For all the ativan that this dude popped, I expected some nice raw meltdowns, some description of panic or anxiety, some insight into his depression other than him rubbing at his scarred wrists on occasion. Maybe that's what made this book sweet though, it skipped the really nasty stuff and just played with the prettier things. Maybe reading this after I read a biography of Anne Sexton's was just a little too big a jump from real mental illness to makebelieve (funnily, she was on Thorazine most of her adult life, as was the main character in this novel - how different the depth of their madness).
I think, for me, it just teetered on the edge of being too sickly-sweet. I mean, the boy detective worked at "Mammoth Life Like Mustache International" (once again, something that I could see in a Pushing Daisies episode). I both loved this (because, well who doesn't love mustaches, and the whimsyfuck side of me does love this kind of thing), but it also just pushed me that little too far.
"The boy detective says his prayers and whispers goodnight to his owl alarm clock. He does - honestly, every night. He says it like this: "Good night father, goodnight mother, goodnight bedroom, goodnight Mr Owl Alarm Clock," like it is a first, middle and last name. He switches on the light and immediately it begins snowing. A soft white haze fills the room, as Billy, thinking about the lady in pink, soon falls asleep."
This is a grown man by the way. If you liked that paragraph, if it warmed the cockles of your little hipster heart, then perhaps you'll love this book. I think I would have loved it a lot more ten or more years ago. Perhaps when I wasn't coming off an Anne Sexton comedown. It's certainly a book that I'd recommend to the happier of my friends ... wait, do I have any? I'd want my kids to read it then when they were older, and hell, I'd be pretty happy if I could write a book anywhere near this endearing.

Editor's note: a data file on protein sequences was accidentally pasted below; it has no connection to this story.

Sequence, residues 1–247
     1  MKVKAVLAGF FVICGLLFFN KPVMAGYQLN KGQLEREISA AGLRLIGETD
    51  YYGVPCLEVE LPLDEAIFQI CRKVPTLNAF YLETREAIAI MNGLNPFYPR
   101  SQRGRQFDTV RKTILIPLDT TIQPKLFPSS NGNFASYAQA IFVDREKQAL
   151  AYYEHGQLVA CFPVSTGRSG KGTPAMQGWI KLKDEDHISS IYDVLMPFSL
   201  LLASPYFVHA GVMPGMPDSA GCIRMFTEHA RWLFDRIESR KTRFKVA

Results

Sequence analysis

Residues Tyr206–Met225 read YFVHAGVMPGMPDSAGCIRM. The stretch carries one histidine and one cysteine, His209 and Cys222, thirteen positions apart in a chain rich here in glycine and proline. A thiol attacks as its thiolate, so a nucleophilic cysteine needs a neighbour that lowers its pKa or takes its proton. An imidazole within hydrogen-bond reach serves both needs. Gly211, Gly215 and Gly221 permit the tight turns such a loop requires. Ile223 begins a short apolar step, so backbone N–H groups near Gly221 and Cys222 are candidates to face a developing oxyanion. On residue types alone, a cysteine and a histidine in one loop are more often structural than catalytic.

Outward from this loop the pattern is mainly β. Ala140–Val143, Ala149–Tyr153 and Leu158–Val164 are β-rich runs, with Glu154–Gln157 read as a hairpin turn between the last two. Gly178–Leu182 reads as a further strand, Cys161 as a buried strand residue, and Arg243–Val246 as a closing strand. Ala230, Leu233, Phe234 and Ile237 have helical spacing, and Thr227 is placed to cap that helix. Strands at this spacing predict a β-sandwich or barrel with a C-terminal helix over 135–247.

It was an incredibly sweet book and overall, an enjoyable read. I'd read more by Meno and I think if I wasn't such a cynical, depressive fuck that feeds off miserable novels, rather than charming ones - I would have rated it higher and not whined so much. Can you imagine how adorable Joe Meno would be in real life? I bet he totally wears sweaters and owl brooches and sups at honey-sweetened warm drinks in cosy cafes. I imagine his girlfriend would be like Zooey Deschanel, and they'd have little babies that smelled like cinnamon.
My strict (and back then, homophobic) mum had no idea this book had a gay dude in it. I think she realised eventually and was racked with the horrors...moreMy strict (and back then, homophobic) mum had no idea this book had a gay dude in it. I think she realised eventually and was racked with the horrors because I had already read it ten million times and loved it to bits. I think I actually went and saw Gleitzman talk for a book week event in primary school and it was at this event that I bought this book. I was constantly getting my hands on material that my mother deemed inappropriate. I don't know whether I did it intentionally or I just had a nose for the alternative, riskier, more interesting stuff. I do remember this book enlightening me to gay issues and firmly cementing my gay-rights mindset, much to the chagrin of my parents.(less)